Baby formula recall leaves Upper Valley families scrambling

  • Shavon Farley looks over the ingredients of the Similac baby formula she purchased after hearing last Friday of a recall on three major baby formula brands to find differences with the formula she usually feeds her son Rowan Palmer, 4 months, at her home in Lebanon on Tuesday. Farley was happy to find the last two containers of a similarly formulated product in stock at the Walmart in West Lebanon.

  • Rowan Palmer, 4 months, looks toward his bottle after being fed by his mother, Shavon Farley, at home in Lebanon on Tuesday. Even before a recall on baby formula that began last week, Farley had gone as far as Concord to find the product her son tolerated best after trying three versions of Similac baby formula. James M. Patterson photos / Valley News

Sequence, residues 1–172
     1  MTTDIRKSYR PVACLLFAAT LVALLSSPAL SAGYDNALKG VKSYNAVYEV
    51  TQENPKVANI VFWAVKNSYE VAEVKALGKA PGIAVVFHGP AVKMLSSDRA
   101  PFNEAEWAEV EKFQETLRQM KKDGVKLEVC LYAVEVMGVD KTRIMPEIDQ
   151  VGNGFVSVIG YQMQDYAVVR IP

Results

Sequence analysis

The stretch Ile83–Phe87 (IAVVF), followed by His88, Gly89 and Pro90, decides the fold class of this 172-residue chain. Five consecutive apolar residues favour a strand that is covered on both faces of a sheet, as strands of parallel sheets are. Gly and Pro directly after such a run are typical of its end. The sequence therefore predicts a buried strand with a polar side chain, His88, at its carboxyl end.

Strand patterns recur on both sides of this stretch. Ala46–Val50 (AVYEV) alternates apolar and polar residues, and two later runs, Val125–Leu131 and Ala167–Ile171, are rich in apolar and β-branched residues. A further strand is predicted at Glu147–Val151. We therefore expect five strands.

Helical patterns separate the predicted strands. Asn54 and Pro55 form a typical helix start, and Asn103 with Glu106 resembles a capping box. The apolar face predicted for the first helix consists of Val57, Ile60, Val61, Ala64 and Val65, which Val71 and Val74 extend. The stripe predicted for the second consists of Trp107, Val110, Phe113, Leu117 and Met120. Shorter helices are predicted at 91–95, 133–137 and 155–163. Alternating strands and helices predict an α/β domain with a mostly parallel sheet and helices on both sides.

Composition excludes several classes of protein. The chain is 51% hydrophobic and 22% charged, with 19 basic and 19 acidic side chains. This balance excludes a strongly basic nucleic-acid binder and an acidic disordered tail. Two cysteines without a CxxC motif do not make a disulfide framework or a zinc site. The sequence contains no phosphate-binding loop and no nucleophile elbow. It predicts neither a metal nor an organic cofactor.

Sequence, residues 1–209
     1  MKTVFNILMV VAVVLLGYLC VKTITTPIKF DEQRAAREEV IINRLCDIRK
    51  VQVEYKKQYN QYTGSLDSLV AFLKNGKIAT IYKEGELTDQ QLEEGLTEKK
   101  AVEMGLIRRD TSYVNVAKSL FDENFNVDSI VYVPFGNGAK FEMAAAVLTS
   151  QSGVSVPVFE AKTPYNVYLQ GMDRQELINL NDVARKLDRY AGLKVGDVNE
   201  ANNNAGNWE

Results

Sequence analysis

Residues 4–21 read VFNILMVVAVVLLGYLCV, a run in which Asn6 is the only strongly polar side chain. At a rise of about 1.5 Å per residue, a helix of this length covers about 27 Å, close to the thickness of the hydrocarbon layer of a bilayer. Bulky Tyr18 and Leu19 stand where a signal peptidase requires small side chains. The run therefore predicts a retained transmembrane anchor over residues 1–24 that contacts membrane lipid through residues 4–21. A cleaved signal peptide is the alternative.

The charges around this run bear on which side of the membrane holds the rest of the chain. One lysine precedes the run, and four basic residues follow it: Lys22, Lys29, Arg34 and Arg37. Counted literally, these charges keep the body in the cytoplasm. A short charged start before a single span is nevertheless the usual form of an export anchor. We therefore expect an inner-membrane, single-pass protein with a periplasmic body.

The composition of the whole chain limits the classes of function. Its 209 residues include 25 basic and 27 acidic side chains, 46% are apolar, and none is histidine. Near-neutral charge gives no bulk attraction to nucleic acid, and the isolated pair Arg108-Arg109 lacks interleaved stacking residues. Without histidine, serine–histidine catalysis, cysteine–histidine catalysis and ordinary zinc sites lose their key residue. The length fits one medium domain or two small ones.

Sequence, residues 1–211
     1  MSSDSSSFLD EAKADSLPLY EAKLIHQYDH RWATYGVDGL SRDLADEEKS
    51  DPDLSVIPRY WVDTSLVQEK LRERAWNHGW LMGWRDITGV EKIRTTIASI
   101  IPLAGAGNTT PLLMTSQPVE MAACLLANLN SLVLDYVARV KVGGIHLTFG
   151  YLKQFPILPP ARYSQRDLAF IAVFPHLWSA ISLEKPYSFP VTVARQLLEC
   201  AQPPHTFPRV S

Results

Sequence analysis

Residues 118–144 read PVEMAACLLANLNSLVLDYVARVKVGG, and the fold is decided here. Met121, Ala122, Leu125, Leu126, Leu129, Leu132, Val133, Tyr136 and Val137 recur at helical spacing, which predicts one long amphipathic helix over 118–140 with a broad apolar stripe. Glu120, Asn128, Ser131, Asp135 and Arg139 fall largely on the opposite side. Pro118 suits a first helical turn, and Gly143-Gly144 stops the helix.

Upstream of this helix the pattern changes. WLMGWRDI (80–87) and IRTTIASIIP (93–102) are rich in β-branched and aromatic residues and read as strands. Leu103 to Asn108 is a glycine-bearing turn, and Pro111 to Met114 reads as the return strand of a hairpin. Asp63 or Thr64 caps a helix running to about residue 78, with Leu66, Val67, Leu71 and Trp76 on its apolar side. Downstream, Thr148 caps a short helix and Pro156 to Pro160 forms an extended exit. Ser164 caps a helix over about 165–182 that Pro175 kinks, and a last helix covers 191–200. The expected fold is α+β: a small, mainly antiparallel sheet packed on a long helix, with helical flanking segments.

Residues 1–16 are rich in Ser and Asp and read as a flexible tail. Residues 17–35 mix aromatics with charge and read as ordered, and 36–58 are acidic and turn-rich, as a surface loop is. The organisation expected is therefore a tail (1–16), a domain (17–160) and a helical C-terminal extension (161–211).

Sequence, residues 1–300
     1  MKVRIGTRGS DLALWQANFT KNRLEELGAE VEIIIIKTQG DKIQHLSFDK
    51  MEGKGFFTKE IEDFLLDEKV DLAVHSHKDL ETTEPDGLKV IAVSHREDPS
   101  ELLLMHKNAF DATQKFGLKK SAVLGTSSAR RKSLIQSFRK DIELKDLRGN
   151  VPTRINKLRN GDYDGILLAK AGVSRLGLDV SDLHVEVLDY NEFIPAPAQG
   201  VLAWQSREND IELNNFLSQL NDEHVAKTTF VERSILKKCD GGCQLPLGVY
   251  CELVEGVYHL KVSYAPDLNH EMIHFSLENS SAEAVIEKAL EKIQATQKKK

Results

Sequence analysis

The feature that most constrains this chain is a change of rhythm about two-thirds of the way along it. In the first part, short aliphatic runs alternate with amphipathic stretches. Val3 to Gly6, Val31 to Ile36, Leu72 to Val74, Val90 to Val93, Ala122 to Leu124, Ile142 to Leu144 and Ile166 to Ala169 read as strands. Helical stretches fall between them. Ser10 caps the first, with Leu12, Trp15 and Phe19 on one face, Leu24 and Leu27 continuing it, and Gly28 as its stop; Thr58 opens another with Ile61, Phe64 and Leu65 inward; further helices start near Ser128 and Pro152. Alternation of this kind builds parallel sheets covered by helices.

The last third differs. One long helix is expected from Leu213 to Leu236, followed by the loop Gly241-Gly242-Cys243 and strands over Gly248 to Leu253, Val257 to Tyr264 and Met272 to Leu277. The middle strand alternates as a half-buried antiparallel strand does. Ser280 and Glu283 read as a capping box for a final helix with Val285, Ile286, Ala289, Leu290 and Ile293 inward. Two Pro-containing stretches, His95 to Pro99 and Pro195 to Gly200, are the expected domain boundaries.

• Shavon Farley, of Lebanon, calms her son Rowan Palmer's crying after feeding him a bottle of formula at home in Lebanon, N.H., on Tuesday, Feb. 22, 2022. (Valley News - James M. Patterson) Copyright Valley News. May not be reprinted or used online without permission. Send requests to James M. Patterson

Valley News
Published: 2/23/2022 6:47:05 PM
Modified: 2/23/2022 6:46:42 PM

Shavon Farley’s infant son, Rowan Palmer, had been drinking Similac Total Comfort formula for about seven days before it was recalled last week.

It was the third kind of formula they had tried in an effort to alleviate gastrointestinal symptoms 4-month-old Rowan previously had when he drank other types of Similac, the brand Farley said she could buy with her benefits through the USDA Special Supplemental Nutrition Program for Women, Infants and Children, also known as WIC.

The Total Comfort formula includes a partially broken-down protein to aid digestion. In the week he was on it, Rowan was like a “totally different kid,” said Farley, a 34-year-old Lebanon resident. Rowan was having regular bowel movements and wasn’t spitting up, she said.